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Indoor Electrical Safety

wire_cutterThink for a moment about all the different types of electrical devices and appliances you have inside your home, many of which you and your family use every day. All of them, regardless of how “small” they might seem, can carry dangerous, even lethal, voltage through them.

General electrical safety reminders

  • Your body can be a conductor of electricity. Take extra care to avoid touching bare wires, faulty appliances, or electrical outlets.
  • If you are unsure whether a wire or electrical appliance is energized, always assume it is.
  • Never use an electric appliance like a shaver or hair dryer in the tub or shower or touch an electrical device with wet hands. Shocks can be fatal!
  • Never poke a metal object into an appliance, such as a toaster, without unplugging it first. Metal conducts electricity.
  • Check the wattage in appliance labels to avoid overloading a circuit. Overload can result in a fire.
  • Keep extension cords a safe distance from heat, metal, and moisture. Never place cords under carpet and area rugs.

Preparing for electrical fires

  • Conduct family fire drills and establish a meeting place outside the home where all members would know in the event of a fire.
  • Install smoke alarms in strategic locations. Check batteries and test at least once a year.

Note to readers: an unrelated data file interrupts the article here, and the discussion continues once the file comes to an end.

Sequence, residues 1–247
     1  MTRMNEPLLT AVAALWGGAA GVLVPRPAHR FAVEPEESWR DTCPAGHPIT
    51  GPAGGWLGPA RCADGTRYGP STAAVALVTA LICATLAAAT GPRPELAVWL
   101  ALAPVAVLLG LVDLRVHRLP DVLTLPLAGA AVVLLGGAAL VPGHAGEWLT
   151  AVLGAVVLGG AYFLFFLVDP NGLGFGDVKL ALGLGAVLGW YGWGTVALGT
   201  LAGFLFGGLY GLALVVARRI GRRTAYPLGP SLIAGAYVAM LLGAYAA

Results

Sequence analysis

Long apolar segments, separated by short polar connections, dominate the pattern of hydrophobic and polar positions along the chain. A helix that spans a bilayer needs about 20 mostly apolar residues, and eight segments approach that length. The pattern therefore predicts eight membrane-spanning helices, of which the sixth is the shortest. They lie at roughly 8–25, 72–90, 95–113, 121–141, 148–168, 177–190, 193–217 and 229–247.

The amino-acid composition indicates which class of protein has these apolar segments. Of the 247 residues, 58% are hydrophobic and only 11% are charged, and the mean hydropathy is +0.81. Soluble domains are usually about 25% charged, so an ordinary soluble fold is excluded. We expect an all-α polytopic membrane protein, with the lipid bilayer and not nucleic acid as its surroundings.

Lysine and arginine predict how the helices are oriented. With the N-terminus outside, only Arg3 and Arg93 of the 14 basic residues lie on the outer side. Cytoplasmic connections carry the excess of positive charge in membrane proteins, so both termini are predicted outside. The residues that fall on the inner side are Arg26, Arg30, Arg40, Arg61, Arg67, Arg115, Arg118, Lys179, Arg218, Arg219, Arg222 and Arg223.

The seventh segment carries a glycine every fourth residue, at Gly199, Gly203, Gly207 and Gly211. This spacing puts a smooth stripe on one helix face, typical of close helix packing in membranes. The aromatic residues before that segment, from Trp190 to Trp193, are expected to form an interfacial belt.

• Place fire extinguishers on every floor of your home with instructions for use.

In the event of an electrical fire

  • Dial 911. Alert the dispatcher that you are reporting an electrical fire or suspect an electrical fire. Why? Electrical fires are handled much differently from other types of fires.
  • Never put water on an electrical fire. Instead, use a home fire extinguisher or baking soda if it’s a small, contained fire.
  • Do not try to extinguish large fires yourself.

Dealing with an electrical accident at home

  • Unplug or turn off the power source.
  • Never touch someone who is in contact with an electrical current/power source.
  • Call 911 immediately.
  • Electrical burns and injuries are not always visible, and can be internal. Do not touch burned skin. Small burns should be run under cold water. See a doctor or call for medical assistance should you suspect internal injuries or for severe burns on the skin.
  • For a victim that is not breathing, call 911 immediately and begin rescue breathing or artificial respiration. For victims without a pulse, begin cardiopulmonary resuscitation (CPR) while you wait for help to arrive. Never approach a victim until you know for certain that the power source has been shut off or unplugged! 
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